It was his tower now. He was the master. His own was dead, murdered by the last mad rages of a wizard blinded by hurt pride. Why are we so volatile? he wondered to himself. Why had his own master committed to what amounted to a rampage of his own? Killing all those guards, challenging other wizards to mad duels.

What good does all this power do us, he wondered, if we can't temper our own worst excesses?

Even though it was years ago, the misery of that fight in the city had never left him. He had an apprentice of his own now, who chafed against the constraints of safety and caution Bruno imposed on him. He still saw amethyst eyes glittering on town cobbles when he slept. He wasn't going to pass on the Wisdom of Xereus until he was extremely sure his apprentice knew what it could do.

And now this.

The letter was in an unfamiliar hand, but from an all-too-familiar personage. Schorsch Undrache still protected the Empire's citizens from the excesses of wizards. And had also not forgotten the terrible events of that night in Altdorf. Stiff-necked wizards arguing over heraldry was bad enough. Having master wizards playing at duels had compounded the matter. A debt, the witch hunter felt, was yet unpaid.

And of course, the licensing of the Colleges still had at its heart the law that a wizard do his duty when called upon to serve.

'I have uncovered a conspiracy,' Undrache wrote. 'A dark man, not entirely dissimilar to myself in his manner of operations. Beholden to nobody, it now seems, as his own college has disowned him. He has grown old, but feels he still has work to do. He will not explain to them what this work is. He will not entrust it to them or others. He has instead turned to magics that even the Grey College describe as questionable to preserve his mission.

'He is a dangerous man. I cannot say precisely how many loyal subjects of the Empire he has murdered over the years. Not always without good cause, at first, it must be said. But his latest killings serve no apparent purpose either my order or his own can discern. He must be stopped.
I have learnt that he is attempting to copy himself, using unnatural and forbidden means. It may not be the first time he has done so, but despite this potential risk, I cannot say there will be a better or another chance to stop him.

'Under the terms of your license, I hereby require that you and those serving you are to make your way to the free city-state of Kemperbad by a time no later than the 23rd Vorgeheim. Make all haste, do not stop to requisition arms or forces beyond those you need for safe travel in these dark times. I shall meet you at the city.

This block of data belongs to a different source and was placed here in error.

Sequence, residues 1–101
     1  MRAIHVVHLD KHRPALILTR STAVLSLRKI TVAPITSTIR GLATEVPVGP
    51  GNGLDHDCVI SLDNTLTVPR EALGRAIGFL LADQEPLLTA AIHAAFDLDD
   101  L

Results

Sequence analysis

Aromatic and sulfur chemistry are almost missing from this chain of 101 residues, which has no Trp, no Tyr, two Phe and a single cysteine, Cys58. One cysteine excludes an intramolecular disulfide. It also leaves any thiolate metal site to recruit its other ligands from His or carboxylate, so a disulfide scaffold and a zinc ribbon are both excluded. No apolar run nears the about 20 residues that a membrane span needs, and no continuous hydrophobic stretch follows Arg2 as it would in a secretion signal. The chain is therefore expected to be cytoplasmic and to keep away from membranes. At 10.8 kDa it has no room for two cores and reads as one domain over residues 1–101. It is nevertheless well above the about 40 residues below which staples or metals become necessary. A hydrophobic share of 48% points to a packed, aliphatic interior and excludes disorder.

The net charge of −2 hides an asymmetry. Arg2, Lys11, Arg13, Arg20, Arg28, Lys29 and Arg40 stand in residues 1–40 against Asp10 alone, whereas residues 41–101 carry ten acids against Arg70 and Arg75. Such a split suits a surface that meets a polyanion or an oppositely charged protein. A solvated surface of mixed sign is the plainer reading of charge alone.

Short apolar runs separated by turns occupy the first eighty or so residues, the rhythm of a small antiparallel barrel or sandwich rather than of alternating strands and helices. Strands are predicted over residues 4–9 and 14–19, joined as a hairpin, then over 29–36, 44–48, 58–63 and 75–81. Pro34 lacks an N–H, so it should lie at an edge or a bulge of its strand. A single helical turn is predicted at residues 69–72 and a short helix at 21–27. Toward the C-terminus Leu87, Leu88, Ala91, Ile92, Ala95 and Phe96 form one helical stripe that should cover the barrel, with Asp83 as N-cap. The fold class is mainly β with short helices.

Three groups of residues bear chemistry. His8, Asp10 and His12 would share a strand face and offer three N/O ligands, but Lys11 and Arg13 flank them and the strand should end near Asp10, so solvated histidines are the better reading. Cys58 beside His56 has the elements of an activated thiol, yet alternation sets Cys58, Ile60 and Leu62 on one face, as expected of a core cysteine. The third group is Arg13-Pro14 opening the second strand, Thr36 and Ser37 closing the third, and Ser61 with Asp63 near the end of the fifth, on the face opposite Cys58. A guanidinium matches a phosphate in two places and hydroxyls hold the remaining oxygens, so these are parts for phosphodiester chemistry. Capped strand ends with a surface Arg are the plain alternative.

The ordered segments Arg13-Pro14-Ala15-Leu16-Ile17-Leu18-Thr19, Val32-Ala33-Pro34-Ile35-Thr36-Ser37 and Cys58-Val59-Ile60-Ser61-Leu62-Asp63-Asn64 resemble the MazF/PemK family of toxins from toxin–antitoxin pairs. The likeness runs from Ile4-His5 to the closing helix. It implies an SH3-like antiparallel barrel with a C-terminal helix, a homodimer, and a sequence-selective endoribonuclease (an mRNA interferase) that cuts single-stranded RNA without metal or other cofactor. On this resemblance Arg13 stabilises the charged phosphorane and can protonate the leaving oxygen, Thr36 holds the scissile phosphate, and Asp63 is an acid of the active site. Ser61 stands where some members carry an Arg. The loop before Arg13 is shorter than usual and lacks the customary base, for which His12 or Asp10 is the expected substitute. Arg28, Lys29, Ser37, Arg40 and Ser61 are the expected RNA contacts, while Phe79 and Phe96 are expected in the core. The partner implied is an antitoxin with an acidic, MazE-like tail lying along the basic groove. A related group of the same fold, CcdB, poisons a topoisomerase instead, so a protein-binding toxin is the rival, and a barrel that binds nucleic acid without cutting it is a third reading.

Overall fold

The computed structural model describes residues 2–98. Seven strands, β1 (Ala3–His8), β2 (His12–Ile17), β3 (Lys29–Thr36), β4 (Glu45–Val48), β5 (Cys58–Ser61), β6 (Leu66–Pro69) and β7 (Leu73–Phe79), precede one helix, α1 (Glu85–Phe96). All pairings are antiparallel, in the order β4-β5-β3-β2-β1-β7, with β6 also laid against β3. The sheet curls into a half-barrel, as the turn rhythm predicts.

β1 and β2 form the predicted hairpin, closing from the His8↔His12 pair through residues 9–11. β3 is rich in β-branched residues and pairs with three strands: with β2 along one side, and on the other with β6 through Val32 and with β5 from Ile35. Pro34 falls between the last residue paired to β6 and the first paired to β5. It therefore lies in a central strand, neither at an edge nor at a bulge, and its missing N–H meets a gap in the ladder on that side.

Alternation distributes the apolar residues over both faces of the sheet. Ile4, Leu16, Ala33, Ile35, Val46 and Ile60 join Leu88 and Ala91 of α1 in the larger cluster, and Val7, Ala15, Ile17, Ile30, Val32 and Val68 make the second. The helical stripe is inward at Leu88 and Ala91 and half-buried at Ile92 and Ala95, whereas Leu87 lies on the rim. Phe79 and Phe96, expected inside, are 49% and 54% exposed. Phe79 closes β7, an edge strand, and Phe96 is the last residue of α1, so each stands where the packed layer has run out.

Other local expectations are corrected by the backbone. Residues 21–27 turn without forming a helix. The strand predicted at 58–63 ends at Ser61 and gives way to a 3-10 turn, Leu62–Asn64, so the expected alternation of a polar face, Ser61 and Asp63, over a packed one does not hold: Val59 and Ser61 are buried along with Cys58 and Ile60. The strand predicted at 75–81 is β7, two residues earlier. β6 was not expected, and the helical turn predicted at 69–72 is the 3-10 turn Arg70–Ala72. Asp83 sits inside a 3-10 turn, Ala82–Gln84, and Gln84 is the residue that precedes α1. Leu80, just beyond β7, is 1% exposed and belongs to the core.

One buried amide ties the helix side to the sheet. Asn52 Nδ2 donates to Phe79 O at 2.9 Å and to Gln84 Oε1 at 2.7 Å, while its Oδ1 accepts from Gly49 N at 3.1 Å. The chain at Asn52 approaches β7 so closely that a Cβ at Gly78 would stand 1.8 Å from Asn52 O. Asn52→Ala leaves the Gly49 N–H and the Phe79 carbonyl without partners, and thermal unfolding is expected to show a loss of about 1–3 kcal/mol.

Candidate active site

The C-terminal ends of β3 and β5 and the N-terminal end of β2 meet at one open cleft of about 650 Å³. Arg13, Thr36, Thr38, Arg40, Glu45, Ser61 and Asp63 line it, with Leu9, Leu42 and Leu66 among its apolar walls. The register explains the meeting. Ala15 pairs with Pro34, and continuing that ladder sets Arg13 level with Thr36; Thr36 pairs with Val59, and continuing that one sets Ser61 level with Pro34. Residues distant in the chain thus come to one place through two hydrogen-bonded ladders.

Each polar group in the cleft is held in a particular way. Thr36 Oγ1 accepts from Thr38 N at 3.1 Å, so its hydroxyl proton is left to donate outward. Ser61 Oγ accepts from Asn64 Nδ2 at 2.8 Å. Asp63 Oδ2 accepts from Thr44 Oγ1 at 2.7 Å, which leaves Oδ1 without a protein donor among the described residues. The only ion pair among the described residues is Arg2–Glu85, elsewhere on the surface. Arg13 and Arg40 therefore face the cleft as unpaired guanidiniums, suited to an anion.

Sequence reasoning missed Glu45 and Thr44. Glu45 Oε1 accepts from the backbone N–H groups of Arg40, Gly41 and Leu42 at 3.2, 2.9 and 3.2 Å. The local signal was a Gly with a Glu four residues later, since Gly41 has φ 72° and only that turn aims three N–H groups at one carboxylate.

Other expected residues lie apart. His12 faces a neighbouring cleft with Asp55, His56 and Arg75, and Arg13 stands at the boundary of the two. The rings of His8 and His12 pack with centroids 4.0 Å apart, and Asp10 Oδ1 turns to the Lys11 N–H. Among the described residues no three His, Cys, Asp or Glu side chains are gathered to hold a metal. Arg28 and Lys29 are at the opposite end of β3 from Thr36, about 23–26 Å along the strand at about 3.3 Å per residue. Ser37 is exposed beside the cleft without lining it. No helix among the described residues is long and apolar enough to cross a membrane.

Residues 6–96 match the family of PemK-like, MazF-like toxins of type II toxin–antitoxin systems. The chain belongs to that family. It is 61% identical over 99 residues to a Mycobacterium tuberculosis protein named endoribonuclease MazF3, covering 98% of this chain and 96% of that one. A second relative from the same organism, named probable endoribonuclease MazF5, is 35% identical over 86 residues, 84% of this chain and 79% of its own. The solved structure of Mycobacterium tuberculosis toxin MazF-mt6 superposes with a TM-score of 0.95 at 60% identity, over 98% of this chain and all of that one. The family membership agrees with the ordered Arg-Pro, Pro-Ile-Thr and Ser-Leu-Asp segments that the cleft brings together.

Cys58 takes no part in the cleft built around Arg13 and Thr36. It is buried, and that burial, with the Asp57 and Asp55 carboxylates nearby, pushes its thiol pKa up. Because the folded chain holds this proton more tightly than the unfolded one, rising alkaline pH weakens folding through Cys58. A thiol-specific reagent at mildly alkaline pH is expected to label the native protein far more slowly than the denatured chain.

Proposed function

'By trying to overcome the natural limitations of his body, it is made clear to me that whatever his otherwise limitless cruelty, he is still a man. He has a man's heart and a man's wisdom.

'He still fears death.'

Don't we all, Bruno thought to himself. Don't we all.



8 comments:

  1. Keyser Söze and Kemperbad! It's like the greatest hits of the 90s - I feel 15 years younger.

    I hope I can do justice to the final (i.e. cower in a corner, hugging my obsidian amulet and hope Pit of Shades gets through...). Looking forward to it!

    ReplyDelete
  2. We'll be fighting the final tomorrow night, folks - watch this space for the conclusive battle in the Wizard's Cup!

    ReplyDelete
    Replies
    1. I'd like to make it clear that Kraken is playing Death - the overwhelming favourite of the Wizard's Cup.

      Anything upwards of being auto-killed in the first turn will be taken as a moral victory.

      Delete
    2. I resent the implication that killing you in the first turn will be 'automatic' in some way. It will take me immense skill, courage and chutzpah.

      Delete
  3. I think I was the only one that voted for Shadow, based on the draw and his ability to swing engagements in his favour. Don't let me down, Stylus. You can do iiiit!

    ReplyDelete
    Replies
    1. I'll ride that Steed of Shadows to victory!

      Delete